Architecture has always been intimately intertwined with its social, political, and economic contexts; major events in world history have had correspondingly dramatic effects on the discipline. The Great Depression, the fall of the Berlin Wall, and Hurricane Katrina, for example, were all catalysts for architectural response and resulted in a diversification of the architect’s portfolio. Yet far too often, architects simply react to changes in the world, rather than serving as agents of change themselves.
This issue of Perspecta—the oldest and most distinguished student-edited architectural journal in America—takes a broader view, using the concept of agency to explore the future of architecture. The retreat from liability, the barricade of theory, and the silos of specialization have generated a field that is risk-averse and reactive, rather than bold and active. Instead of assuming that architects can only throw up their hands in despair, the editors of this issue of Perspecta invite them to roll up their sleeves and get to work.
In Perspecta 45, prominent architects, scholars, and artists investigate how architects can become agents for change within their own discipline and in the world at large.
Eeva-Liisa Pelkonen—Architect as organizer or the way the world works
Nader Tehrani—The agency interview: three schools of architecture
Ines Weizman—Dissedence through architecture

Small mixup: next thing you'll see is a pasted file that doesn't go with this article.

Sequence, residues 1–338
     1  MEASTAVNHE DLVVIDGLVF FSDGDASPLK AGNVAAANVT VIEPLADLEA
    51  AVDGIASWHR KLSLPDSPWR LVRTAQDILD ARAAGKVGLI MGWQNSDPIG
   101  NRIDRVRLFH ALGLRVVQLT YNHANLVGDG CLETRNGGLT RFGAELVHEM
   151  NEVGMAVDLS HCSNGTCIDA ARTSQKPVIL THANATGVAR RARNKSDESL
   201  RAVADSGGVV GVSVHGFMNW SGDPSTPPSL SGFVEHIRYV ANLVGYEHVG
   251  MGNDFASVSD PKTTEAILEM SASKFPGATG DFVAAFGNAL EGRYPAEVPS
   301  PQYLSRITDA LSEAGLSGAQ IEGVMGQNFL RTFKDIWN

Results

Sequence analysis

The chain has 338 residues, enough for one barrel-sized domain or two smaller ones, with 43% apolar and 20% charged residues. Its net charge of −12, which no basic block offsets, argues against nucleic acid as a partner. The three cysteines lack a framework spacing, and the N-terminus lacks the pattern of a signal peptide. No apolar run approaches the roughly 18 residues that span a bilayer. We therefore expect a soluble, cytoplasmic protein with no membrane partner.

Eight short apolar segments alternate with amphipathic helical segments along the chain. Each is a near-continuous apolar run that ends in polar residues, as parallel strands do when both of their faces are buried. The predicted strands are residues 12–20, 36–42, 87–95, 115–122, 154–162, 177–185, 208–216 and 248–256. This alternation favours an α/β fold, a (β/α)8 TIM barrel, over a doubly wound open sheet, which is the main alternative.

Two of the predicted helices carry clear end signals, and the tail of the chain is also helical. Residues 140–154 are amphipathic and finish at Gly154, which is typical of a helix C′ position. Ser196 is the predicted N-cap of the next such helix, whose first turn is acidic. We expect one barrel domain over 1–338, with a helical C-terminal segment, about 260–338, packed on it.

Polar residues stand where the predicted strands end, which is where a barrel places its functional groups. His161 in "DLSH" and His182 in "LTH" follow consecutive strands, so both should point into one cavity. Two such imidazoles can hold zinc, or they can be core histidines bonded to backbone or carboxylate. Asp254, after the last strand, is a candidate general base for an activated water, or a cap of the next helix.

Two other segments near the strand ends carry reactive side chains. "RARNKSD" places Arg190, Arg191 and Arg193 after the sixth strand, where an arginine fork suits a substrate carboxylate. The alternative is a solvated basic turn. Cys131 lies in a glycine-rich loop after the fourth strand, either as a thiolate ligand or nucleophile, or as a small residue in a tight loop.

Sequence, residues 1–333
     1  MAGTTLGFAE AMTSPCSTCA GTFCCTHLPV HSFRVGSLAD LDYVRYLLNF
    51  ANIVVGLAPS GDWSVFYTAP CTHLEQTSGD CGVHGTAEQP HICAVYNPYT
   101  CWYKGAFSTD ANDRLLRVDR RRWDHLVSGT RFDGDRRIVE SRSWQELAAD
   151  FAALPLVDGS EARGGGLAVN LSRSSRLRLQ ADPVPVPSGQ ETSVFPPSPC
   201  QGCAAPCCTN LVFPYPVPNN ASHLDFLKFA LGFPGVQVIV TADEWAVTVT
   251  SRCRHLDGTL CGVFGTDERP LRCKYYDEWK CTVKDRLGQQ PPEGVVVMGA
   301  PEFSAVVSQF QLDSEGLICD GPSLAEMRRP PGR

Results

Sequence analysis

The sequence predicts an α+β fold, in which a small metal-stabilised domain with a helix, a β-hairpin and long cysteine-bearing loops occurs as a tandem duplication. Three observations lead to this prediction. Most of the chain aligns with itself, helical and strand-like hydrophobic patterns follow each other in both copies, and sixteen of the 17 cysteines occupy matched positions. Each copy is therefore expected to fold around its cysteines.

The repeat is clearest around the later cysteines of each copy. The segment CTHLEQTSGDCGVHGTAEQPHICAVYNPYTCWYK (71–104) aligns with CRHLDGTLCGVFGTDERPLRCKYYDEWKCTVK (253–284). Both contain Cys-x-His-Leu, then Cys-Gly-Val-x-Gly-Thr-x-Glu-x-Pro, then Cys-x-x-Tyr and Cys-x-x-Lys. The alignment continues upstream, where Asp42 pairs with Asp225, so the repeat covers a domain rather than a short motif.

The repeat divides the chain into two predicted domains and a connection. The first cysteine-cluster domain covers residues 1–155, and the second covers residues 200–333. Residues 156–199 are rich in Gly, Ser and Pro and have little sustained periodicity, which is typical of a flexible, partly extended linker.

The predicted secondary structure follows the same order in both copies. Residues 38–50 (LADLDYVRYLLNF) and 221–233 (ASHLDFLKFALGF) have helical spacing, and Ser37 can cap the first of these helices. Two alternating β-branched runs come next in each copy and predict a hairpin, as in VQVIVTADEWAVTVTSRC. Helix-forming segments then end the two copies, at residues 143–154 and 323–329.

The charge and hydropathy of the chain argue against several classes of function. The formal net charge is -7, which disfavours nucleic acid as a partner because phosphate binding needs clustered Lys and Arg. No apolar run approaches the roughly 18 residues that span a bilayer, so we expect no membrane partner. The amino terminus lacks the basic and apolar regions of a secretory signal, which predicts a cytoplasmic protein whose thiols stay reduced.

Jaime Lerner—Cities, agency and change
Urban-Think Tank—A conversation south of the border
Stefano Boeri—Architecture is/as politics
Peter Eisenman—The agency interview: The Institute for Architecture and Urban Studies (IAUS)
Michael Osman—The managerial aesthetics of concrete
Darryl Collins—Vann Molyvann: situating the work of Cambodia’s most influential architect
Vann Molyvann—The agency interview: the litany of power, the legacy of modernism
Enrique Ramirez—An aerial pax americana
Rania Ghosn—Where are the missing spaces? The geography of some uncommon territories
Victor van der Chijs—The agency interview: expanding the field
Bjarke Ingels—Public participation extreme
Andrew Shanken—The tree in the system: shifting urban paradigms in mid-century London
Timur Galen—The agency interview: the demands of a design-minded client
Perspecta 45 & Pierluigi Serraino—Creative architects: an introduction to the archives at the Institute of Personality and Social Research
Thomas Auer, Joshua Vanwyck & Erik Olsen—Sustainability beyond LEED: integrating performative daylight in the built environment
Preston Scott Cohen—The agency interview: architecture as the instrument
Ariane Lourie Harrison—Le Corbusier: architect, agent de propagande